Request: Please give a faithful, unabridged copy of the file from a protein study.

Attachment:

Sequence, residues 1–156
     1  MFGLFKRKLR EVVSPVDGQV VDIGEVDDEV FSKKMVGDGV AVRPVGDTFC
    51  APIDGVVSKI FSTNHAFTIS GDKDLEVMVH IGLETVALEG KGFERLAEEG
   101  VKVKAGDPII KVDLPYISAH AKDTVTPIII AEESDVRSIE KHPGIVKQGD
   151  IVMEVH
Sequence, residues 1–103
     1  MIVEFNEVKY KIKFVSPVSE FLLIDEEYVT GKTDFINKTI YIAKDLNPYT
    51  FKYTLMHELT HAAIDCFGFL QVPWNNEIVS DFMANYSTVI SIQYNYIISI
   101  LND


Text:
Sequence, residues 1–156
     1  MFGLFKRKLR EVVSPVDGQV VDIGEVDDEV FSKKMVGDGV AVRPVGDTFC
    51  APIDGVVSKI FSTNHAFTIS GDKDLEVMVH IGLETVALEG KGFERLAEEG
   101  VKVKAGDPII KVDLPYISAH AKDTVTPIII AEESDVRSIE KHPGIVKQGD
   151  IVMEVH
Sequence, residues 1–103
     1  MIVEFNEVKY KIKFVSPVSE FLLIDEEYVT GKTDFINKTI YIAKDLNPYT
    51  FKYTLMHELT HAAIDCFGFL QVPWNNEIVS DFMANYSTVI SIQYNYIISI
   101  LND